With a living donor, there is often an emotional bond with the recipient, and that bond can have a positive effect on the outcome. The recipients know that someone close to them has made a great sacrifice, and that can help motivate them to take good care of themselves after their transplant.
Living donors are evaluated according to strict guidelines. Donors with potential medical problems such as hypertension or diabetes are not accepted to ensure the best possible outcome for both recipient and donor. While the procedure is very safe, donating a kidney is not without risk to the donor. However, a living donor’s risk of developing kidney failure later in life is about the same as that of the general population.
Deceased Donor Transplants
Transplants using kidneys from deceased donors are also very successful, but there are some drawbacks compared to living donor transplants. Patients needing deceased donor transplants are placed on a waiting list, and it can take months and sometimes up to five years before a donated kidney is available. Once a kidney is available, several hours may pass between the time the kidney is identified and the time the transplant is actually performed. And, while the transplant surgery is planned, it is still done on an emergency basis.
Increasingly, our physicians are performing pre-emptive kidney transplants, which are done with living donors just as a patient reaches the point where dialysis would be required. By keeping patients from beginning dialysis, they are spared additional surgery which is needed to prepare for dialysis.
For diabetic patients with kidney failure, pancreas transplants can be done in conjunction with a kidney transplant. The transplants are usually done at the same time with organs from the same deceased donor. Alternatively, a living donor kidney transplant can be done followed by a deceased donor pancreas transplant later on. Following a pancreas transplant, patients no longer require insulin and can eat a normal diet with the expectation of normal blood sugar control. In the long run, this results in improvement or prevention of secondary diabetic complications such as retinopathy (eye disease), neuropathy (nerve involvement) and vascular disease.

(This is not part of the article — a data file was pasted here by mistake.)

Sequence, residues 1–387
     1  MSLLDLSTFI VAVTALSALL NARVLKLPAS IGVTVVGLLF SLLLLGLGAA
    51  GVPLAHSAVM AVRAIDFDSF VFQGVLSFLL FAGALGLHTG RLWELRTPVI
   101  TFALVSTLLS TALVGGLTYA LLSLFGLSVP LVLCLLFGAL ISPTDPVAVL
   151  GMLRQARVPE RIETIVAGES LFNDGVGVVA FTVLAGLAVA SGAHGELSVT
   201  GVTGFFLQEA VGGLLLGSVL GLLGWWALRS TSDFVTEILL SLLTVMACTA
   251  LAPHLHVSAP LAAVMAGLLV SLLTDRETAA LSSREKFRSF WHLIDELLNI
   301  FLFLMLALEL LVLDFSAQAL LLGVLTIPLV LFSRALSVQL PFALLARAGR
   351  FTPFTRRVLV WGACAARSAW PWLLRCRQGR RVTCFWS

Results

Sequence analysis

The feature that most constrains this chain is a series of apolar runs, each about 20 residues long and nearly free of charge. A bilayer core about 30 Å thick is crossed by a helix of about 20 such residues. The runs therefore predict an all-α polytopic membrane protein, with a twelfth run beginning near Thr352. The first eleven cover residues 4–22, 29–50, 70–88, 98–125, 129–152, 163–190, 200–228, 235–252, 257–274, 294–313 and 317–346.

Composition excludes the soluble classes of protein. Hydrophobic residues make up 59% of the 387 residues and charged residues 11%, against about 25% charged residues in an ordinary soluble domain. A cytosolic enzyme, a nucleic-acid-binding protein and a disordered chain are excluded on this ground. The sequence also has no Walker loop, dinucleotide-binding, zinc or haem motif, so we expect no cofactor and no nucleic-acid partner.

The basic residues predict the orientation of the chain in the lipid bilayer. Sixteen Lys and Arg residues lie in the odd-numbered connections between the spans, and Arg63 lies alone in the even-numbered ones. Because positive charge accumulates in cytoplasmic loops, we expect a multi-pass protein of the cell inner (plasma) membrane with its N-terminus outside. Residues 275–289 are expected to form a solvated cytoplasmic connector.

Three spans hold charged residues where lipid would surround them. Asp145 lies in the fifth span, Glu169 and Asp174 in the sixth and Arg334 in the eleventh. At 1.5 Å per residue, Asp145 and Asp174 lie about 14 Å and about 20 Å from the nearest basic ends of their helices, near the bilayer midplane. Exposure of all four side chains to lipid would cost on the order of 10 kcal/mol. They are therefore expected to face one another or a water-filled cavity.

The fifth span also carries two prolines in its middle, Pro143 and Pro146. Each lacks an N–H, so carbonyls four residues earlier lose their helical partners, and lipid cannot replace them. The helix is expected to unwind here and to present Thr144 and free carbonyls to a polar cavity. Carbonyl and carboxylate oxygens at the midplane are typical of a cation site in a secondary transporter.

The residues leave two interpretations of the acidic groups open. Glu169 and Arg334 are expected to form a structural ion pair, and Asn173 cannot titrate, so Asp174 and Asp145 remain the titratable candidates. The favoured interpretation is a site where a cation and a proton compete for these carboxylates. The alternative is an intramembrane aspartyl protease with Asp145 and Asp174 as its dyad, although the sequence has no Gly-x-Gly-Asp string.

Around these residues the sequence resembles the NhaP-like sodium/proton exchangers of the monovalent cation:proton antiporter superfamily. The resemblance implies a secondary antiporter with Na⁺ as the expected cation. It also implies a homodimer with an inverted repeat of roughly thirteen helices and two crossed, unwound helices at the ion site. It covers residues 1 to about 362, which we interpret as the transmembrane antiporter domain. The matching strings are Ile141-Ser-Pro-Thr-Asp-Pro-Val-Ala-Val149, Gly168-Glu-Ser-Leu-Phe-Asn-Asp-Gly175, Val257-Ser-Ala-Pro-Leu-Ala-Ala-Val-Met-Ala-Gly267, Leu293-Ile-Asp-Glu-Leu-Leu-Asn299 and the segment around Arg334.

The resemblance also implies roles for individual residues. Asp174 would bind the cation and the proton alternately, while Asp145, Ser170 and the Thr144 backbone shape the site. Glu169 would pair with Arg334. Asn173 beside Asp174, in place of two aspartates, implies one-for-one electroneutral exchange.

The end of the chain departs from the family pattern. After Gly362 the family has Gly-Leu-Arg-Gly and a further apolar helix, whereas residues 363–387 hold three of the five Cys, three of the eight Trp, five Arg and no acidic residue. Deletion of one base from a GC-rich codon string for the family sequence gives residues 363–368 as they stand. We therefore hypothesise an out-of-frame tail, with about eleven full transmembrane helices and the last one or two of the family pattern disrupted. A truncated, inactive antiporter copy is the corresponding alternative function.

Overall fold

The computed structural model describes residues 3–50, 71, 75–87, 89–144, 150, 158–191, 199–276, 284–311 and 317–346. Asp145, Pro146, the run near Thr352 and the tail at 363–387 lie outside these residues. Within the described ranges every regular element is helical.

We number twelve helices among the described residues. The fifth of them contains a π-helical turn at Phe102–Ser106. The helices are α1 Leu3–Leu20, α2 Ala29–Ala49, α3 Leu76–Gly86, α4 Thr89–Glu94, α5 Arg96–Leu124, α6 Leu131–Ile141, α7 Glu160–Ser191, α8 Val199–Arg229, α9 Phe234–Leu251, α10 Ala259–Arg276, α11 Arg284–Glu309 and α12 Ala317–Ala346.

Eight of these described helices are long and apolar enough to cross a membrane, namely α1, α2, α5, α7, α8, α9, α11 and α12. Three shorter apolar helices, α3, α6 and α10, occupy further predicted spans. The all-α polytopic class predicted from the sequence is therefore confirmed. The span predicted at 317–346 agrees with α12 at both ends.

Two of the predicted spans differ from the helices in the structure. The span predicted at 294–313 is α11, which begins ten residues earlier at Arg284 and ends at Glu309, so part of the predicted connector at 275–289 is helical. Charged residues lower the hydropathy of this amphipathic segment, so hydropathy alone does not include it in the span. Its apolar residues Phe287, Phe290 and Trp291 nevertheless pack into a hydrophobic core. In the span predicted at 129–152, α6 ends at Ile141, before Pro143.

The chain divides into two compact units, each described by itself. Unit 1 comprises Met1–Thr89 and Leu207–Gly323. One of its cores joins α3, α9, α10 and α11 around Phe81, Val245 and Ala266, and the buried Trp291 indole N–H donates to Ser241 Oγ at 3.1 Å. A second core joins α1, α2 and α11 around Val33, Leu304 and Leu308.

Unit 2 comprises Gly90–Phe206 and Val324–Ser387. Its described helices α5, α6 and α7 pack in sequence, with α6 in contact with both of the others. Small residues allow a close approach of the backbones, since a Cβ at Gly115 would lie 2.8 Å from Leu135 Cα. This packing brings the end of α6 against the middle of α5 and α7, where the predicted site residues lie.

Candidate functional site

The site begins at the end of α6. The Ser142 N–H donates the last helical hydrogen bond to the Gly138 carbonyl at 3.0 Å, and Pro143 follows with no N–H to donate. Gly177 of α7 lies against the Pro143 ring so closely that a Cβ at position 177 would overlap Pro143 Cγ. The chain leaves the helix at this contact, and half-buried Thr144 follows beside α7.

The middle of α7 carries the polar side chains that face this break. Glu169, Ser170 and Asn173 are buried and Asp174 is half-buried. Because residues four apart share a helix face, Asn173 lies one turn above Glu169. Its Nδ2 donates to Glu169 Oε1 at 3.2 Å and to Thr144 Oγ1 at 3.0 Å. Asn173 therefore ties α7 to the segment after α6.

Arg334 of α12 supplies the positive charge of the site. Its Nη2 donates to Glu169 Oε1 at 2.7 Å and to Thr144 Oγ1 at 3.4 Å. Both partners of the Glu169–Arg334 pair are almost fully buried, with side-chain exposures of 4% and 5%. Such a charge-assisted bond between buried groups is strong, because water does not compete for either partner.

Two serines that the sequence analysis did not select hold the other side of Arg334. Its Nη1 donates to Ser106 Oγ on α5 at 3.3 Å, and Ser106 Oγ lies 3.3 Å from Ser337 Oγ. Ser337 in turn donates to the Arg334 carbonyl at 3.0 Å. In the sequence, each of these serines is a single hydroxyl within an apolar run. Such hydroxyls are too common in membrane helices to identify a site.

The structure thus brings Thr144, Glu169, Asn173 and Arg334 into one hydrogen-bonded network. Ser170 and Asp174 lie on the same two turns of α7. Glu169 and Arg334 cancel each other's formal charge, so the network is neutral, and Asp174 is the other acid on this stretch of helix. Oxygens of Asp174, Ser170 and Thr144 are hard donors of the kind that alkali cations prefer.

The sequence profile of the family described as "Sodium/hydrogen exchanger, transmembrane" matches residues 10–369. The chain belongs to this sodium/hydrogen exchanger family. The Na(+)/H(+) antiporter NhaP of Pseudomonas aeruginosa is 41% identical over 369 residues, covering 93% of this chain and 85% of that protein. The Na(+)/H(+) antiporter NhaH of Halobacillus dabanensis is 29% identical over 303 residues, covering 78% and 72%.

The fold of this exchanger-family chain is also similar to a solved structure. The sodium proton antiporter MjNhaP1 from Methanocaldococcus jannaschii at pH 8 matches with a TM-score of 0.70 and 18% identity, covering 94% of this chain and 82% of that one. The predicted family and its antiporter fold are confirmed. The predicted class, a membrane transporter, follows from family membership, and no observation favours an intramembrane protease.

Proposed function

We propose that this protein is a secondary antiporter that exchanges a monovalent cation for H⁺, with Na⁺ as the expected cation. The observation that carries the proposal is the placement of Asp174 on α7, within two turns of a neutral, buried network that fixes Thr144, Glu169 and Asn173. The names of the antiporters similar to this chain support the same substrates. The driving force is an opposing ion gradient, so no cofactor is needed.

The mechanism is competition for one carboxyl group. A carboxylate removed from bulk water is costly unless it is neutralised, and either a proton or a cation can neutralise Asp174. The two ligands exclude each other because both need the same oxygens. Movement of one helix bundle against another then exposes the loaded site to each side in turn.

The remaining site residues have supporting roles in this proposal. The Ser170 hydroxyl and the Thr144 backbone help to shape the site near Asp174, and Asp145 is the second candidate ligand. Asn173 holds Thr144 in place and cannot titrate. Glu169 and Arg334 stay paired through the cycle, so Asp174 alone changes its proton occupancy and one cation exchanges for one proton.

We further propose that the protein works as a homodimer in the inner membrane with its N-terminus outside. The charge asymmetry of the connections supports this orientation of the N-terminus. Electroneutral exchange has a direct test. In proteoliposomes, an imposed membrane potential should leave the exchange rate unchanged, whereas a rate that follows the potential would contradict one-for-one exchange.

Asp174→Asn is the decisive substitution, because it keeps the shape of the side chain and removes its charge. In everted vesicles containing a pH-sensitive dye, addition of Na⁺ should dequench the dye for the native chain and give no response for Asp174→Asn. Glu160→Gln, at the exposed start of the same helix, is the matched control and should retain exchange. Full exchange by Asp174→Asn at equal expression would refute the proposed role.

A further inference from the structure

Because excellent follow-up care is critical to maintain and enhance a transplant patient’s long-term survival, Froedtert & the Medical College of Wisconsin offer a multidisciplinary Transplant Clinic to provide a central location to continue care. We conduct screening programs to help detect potential problems before they threaten a patient’s health. We offer specialized screenings unique to our program to help prevent damage to the transplanted organ. Our goal is to optimize each patient’s kidney function and overall health. We also have dedicated post-transplant coordinators who work with our patients to coordinate every aspect of their follow-up care.
Froedtert & the Medical College of Wisconsin participate in basic research and clinical trials involving transplant recipients to optimize patient care and outcomes. Important breakthrough investigations are credited to the Medical College of Wisconsin physicians.
Learn more about the Medical College of Wisconsin’s Department of Nephrology and current kidney disease research efforts.
We are here to help international patients arrange for their care at Froedtert Hospital in Milwaukee, Wisconsin.